Essentially, I had enough information for about four different projects emphasizing different issues, so I had to fight against the urge to throw everything in somehow. I can see that this could be an issue with our students as well. If they spent time finding information, they would want to use it. Having the two Inspiration diagrams did help me to realize that the information on concerns arising from rehabilitation was really not something that was going to fit into a presentation for kids. I could also see that creating an Inspiration diagram would be a great way for kids to story board their own PowerPoint presentations. The center would be their first title slide, then if a circle leading off the center had more circles extending from it, they would know to use a slide with bullets or just a title slide. They could bring up the outline version of their document, print that out and write out their slides along the right side of the paper. Getting them to plan ahead isn’t always easy. They just want to make slides and then spend too much time finding graphics or animating them. I’d like to work with the sixth grade teachers to come up with a lesson plan for presenting PowerPoint in this manner. Creating the Inspiration document also gives the kids a sort of transformation scaffold to put their information into their own words.

Tuesday, October 05, 2004

"Wiggling" in the tub and "Weaving" elsewhere

Now that I’m more aware of my thought processes, I realize that I do a great deal of thinking in the bathtub. (Some scientist whose name I can’t recall said “bed, bath and bus” were his times for creative thinking.) So whilst having a nice, leisurely soak in (appropriately enough) my claw-footed tub this morning, I was deciding what to do with all of this information I’ve amassed. Most of the physiological information I will probably file cerebrally. Goodness knows there are already too many websites devoted to that information. I want to focus on what the average person can do to help the professionals in the fields of rehabilitation and re-establishment and I want to have a service component. Volunteering was proving to be problematic. Soaring Hawk Raptor Rehabilitation Center is too far away. And while money is always needed, it’s not really service. So it came to me the other day that I could make a quilted wall hanging that could be auctioned off to raise money by the rehabilitation centers. An annotated bibliography is also on my list of things to accomplish since I want to document this entire process for a seventh grade language arts Resident Expert Project. If we get the students to start exploring a topic that interests them early in the year, they can work on their information inquiry skills all year as well as doing guided reading for Sustained Silent Reading.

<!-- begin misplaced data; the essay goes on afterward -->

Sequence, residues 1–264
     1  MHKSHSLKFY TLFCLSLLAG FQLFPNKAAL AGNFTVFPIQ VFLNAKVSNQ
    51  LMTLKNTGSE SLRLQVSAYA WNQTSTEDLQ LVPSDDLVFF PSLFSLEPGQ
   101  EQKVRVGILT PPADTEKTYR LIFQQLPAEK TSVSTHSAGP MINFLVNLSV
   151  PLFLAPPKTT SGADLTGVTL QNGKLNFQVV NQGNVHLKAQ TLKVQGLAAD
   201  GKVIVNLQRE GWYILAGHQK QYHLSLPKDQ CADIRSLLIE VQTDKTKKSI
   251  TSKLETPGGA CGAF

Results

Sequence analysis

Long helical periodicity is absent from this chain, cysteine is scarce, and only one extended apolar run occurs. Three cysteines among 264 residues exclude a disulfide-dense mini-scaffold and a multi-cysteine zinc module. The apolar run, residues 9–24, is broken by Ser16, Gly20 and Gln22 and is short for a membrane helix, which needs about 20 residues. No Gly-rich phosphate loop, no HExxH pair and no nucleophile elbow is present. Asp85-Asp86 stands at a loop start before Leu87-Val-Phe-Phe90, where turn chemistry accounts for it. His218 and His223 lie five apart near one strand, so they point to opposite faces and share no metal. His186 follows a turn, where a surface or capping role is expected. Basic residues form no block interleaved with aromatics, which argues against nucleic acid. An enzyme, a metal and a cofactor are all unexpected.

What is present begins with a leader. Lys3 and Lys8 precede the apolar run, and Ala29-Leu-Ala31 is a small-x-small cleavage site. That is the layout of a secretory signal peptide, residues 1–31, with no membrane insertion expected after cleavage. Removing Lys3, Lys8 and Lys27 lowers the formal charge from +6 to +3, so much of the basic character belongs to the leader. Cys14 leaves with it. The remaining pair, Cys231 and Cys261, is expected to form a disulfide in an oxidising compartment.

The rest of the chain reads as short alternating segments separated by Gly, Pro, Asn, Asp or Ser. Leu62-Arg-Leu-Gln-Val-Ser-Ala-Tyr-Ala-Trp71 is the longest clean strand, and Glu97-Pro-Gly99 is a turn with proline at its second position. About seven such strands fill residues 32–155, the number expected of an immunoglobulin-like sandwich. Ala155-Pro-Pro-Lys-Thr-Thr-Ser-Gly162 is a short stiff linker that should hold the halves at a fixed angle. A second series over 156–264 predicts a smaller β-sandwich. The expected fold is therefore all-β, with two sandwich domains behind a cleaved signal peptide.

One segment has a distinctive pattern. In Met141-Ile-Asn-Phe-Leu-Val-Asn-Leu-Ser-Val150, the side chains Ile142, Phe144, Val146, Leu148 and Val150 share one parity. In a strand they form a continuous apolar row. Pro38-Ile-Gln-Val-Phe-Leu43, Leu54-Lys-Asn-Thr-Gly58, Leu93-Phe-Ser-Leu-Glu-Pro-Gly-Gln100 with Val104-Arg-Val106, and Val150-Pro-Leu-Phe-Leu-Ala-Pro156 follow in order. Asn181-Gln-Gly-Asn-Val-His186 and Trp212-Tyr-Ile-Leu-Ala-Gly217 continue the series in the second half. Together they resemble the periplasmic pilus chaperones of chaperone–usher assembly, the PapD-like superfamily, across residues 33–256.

This project has been a good exercise in letting go for me. I am such a control freak most of the time and I really let this take me wherever it led. I think as teachers we have to be a lot less invested in the specifics of what students research. As long as they are in the content “ballpark” we should give them their head as much as possible. Look at the interesting things I discovered by not having a fixed agenda. I know we don’t always have the luxury of lots of time for them to “wonder” around, but projects like the Resident Expert need to be encouraged for that reason.

Wingmasters in Massachusetts emailed back and sent their telephone number so I will call them tomorrow. The University of Florida group also finally emailed back but they weren’t involved in a re-establishment project with the burrowing owls so that was a dead end. I’ve had such good luck with emailing people so one dud isn’t bad.

I started a PowerPoint this morning and I’ll have some of my student workers look at it to see where I need to add information or transitions.

Sunday, October 03, 2004

Second Inspiration-created diagram dealing with issues involved with rehabilitating owls. Posted by Hello